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-   -   Should I go to college on a tennis scholarship? Opinions/thought please! (http://tt.tennis-warehouse.com/showthread.php?t=471897)

forty-love 07-30-2013 02:06 AM

Should I go to college on a tennis scholarship? Opinions/thought please!
 
I'm in my final year of high school in Australia

Last year I began putting together the necessary info to get a tennis scholarship to go to college in the states. I was extremely keen on going to America to study and play the sport I love. I was almost there - all I needed to do was make the video of me playing tennis and send it out to coaches etc.

But then earlier this year when my school began talking about uni options I realized that a part of me still wanted to stay here back home. I figured that if I went to America I would be leaving my family/friends eight months after I finished high school. I know studying overseas is such a great opportunity but the thought of going to a new place all by myself and being so far from home scared me a little. So i made the decision to stay in Australia and go to uni here and study exercise science to become a physio whilst also being a tennis coach as well.

However, now that we've started applying to universities here in Australia i had a bit of an epiphany and realize that i really would love to go to america and play tennis

There's nothing wrong with me staying back home but I love playing tennis and I know that if I stay here all my efforts that I've placed on tennis in the past 9 years will go down the drain because I won't get to play as often. If I go to america i'll be playing everyday. But i'll be so far away from home and i guarantee that i'll get home sick. If i stay in Australia i'll be with my family and friends everyday. I'll be comfortable with the familiarity with the everything I'm torn between the two and it's making me really stressed because I know i have to make my decision soon. And what I choose will ultimately be the pathway for the rest of my life.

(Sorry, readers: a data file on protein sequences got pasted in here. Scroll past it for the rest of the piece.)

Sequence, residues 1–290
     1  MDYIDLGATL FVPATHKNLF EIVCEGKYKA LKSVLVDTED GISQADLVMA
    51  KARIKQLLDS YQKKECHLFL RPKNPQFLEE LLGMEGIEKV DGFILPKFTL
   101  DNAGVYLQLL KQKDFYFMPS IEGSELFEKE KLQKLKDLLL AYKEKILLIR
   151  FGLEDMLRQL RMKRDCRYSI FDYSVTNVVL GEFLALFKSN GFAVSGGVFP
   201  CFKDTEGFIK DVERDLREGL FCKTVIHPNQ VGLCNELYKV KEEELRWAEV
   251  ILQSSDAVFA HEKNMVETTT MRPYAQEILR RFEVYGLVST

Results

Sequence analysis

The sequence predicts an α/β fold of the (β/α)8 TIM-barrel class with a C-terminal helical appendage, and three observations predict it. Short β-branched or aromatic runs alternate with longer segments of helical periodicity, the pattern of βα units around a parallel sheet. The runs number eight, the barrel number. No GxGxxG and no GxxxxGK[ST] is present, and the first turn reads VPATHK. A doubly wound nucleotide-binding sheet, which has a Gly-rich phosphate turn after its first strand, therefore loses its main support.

PhrygianDominant 07-30-2013 02:15 AM

I moved to Europe to study music, and it was really hard at first. However modern technology and communications makes the world feel really small compared to our parents generation, and living abroad has only become easier.

I would recommend the experience to anyone who wants to consider themselves good world citizens, because I believe viewing the world from within your own country your entire life will only limit your understanding.

When choosing your school make sure you choose an area where you will feel well culturally. There are parts of the US that are less diverse and less tolerant than others, and as a foreign student it could come as a shock to you, or lead to you feeling more alienated than need be. My 2 Cents

MMQB14 07-30-2013 05:25 AM

Quote:

Originally Posted by forty-love (Post 7623573)
...But i'll be so far away from home and i guarantee that i'll get home sick. If i stay in Australia i'll be with my family and friends everyday. I'll be comfortable with the familiarity with the everything I'm torn between the two and it's making me really stressed because I know i have to make my decision soon. And what I choose will ultimately be the pathway for the rest of my life.

Hi 40-0

At age 19 I left Switzerland to go to study in the US (albeit not on an athletic scholarship)all by myself. Yes I left my home, my parents, friends & family behind...basically everything that was familiar to me.